Chelle Hartzer, Orkin
Bug Bytes

How to Prepare for an Audit at Any Time

By Chelle Hartzer
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Chelle Hartzer, Orkin

Pest management can make or break a facility’s score during an audit.

Everybody knows to prepare for the worst while hoping for the best. But being prepared for an unannounced audit isn’t something that can be done overnight, especially when it comes to pest management.

That’s why it’s important to carefully review your food safety plan and the specific pest management measures contained within it. Pest management can account for up to 20% of an audit, so it can make or break a facility’s score. There’s no room to gamble—between federal regulations, audit regulations, internal standards and customer expectations, you need to stay in compliance.

With FSMA in full effect, it’s important to become familiar with the regulations found on the FDA’s website if you haven’t yet. Reacting to problems isn’t good enough anymore, as many of these regulations emphasize a preventive strategy. The FDA has the authority to mandate recalls, shut down facilities and more. If you need help determining the rest of your facility’s food safety program, the FDA has a helpful downloadable food safety plan builder.

To make sure pest issues don’t spoil your score during an unannounced audit, remember that pest management is an ongoing partnership that requires your entire staff’s participation. It’s something you should plan for as part of regular maintenance and sanitation schedules.

The first step is to establish an integrated pest management (IPM) program. This plan should be developed with your pest management provider and should be a comprehensive look at all factors that may contribute to pest issues. It should be designed to reduce pest pressure around a facility, address all sanitation and exclusion issues, actively monitor for pests and set action levels.

The goal is to proactively deal with pests and prevent as many issues as possible. An IPM program is tailored to meet a facility’s specific needs based on a wide range of different factors. An IPM program uses pesticide treatments as a final step once all conducive conditions have been identified and addressed. The program should adapt as both the facility and the pest pressures change over time.

Implement regular training for all employees and encourage participation. Something as simple as a poster featuring the “most wanted pests” in break rooms or locker rooms can help train personnel to recognize the signs of potential pests around the facility. Make it clear that each employee is a key player in your program and empower them to speak up should they see something. Ensure you have a pest-sighting log and all personnel are aware of where it is and how to report issues. Their help will be vital to point out issues, ensure sanitation is adequate and identify problem areas on a daily basis. Your pest control professional can host a training meeting for you and your staff if needed.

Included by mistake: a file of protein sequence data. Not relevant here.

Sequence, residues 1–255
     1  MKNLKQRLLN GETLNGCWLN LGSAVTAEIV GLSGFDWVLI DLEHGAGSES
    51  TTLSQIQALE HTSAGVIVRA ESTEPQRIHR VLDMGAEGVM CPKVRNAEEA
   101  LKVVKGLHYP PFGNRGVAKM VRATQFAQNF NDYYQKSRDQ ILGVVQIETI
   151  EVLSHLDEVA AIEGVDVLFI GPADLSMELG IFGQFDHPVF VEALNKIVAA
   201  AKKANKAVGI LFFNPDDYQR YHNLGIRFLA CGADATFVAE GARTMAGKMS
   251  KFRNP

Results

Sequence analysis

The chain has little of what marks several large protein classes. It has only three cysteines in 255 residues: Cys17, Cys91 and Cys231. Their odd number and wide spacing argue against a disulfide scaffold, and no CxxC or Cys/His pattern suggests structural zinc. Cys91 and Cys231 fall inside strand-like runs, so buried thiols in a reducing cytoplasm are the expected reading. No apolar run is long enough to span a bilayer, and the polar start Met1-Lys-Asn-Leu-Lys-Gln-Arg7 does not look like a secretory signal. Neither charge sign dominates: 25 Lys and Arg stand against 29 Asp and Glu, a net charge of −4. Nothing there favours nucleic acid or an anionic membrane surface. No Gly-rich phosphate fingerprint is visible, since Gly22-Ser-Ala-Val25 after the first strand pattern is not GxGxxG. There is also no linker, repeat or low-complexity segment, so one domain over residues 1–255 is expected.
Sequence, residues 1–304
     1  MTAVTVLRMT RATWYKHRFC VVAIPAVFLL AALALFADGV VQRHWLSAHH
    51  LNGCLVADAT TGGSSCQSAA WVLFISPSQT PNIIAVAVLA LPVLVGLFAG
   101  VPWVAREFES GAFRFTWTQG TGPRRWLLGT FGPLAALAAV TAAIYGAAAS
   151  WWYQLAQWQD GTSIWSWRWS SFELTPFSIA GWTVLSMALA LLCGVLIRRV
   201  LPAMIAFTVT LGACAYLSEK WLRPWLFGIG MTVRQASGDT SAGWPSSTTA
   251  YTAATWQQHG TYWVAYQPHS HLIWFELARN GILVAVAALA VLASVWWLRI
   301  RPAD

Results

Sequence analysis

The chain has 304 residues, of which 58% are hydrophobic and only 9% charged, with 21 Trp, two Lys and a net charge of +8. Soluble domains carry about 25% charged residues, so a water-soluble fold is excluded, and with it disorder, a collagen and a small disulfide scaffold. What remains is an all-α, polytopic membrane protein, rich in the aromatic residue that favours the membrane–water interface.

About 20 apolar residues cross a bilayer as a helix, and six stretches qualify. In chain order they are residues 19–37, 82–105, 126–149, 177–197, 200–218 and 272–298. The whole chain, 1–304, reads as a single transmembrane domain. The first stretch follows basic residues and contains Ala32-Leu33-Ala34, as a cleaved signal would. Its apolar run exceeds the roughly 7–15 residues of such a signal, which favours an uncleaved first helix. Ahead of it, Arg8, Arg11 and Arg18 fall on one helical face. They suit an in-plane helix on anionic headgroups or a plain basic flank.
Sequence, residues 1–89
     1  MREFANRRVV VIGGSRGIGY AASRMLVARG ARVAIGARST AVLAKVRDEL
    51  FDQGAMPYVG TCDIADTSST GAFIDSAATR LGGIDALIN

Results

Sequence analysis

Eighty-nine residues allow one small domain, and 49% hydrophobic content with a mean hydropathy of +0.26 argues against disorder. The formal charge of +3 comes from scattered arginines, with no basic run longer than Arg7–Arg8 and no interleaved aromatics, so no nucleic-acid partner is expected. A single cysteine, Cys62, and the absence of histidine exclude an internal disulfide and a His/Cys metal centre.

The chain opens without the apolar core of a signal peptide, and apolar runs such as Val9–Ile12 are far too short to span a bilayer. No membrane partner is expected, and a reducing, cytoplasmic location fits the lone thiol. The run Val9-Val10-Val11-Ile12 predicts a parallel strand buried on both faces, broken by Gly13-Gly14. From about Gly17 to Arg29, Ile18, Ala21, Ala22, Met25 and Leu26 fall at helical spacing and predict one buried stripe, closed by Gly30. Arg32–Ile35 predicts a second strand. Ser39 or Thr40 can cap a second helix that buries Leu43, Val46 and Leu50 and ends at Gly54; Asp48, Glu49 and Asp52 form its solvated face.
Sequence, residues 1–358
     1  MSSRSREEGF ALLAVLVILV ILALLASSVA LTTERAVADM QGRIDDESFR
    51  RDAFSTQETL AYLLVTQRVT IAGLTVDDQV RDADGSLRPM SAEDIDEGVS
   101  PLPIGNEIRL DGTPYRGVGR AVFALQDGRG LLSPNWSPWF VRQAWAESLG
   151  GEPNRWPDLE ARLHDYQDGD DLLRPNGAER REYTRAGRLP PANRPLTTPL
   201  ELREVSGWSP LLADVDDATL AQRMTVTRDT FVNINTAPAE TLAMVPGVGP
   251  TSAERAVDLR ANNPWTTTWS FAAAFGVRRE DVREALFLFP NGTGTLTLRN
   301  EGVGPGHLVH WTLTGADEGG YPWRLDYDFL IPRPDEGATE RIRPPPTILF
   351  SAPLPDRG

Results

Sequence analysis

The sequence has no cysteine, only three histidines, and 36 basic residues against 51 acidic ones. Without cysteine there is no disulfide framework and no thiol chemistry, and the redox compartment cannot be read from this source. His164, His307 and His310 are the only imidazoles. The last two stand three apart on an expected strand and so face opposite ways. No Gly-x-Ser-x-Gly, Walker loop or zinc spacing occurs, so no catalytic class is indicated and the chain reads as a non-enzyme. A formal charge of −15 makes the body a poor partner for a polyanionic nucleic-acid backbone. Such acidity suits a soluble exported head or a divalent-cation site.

When implementing an IPM program at your facility, there are numerous preventive tactics you can implement and perform on a regular basis.

  • Monitoring devices: Using devices like fly lights, rodent traps and bait stations can help reduce pest populations and keep them away from food products. These monitoring devices also offer insight as to how many and what kinds of pests are plaguing the facility, which is valuable information when determining a strategy to resolve existing pest problems and minimize pest pressure.
  • Sanitation: Any food source, including the foods you are producing and storing, can draw pests. Clean up product spills quickly. Don’t forget about food in employee areas such as break rooms and locker rooms. While it is impossible to clean up every food particle (you are producing food at your site!), you can work to limit the access pests have to food sources.
  • Take out the trash: Emptying trash daily and cleaning out the trash bins helps prevent the buildup of organic material, which can attract many different pests. Make sure dumpsters are placed away from the building if possible and always keep them closed. Don’t a smelly garbage or a full bin—when in doubt, take it out!
  • Seal cracks and crevices: Keep a constant watch around the facility for any openings big enough for a pest to fit through. Remind employees that rats only need a quarter-size hole to squeeze into a facility, while mice only need an opening the size of a dime. And that’s not the worst of it; cockroaches only need one sixteenth of an inch, making it vital to seal off any openings found. Don’t forget to look at your facility from the outside as well!
  • Install automatic doors: Often, open doorways are prime locations for pests to enter. All doors should remain closed when not in use. Especially in docking areas when loading/unloading, try to open dock doors only when needed and keep the gap from the truck to doorway sealed off if possible. Installing automatic doors can reduce the likelihood flying pests inside the facility by ensuring doors stay closed when not in use.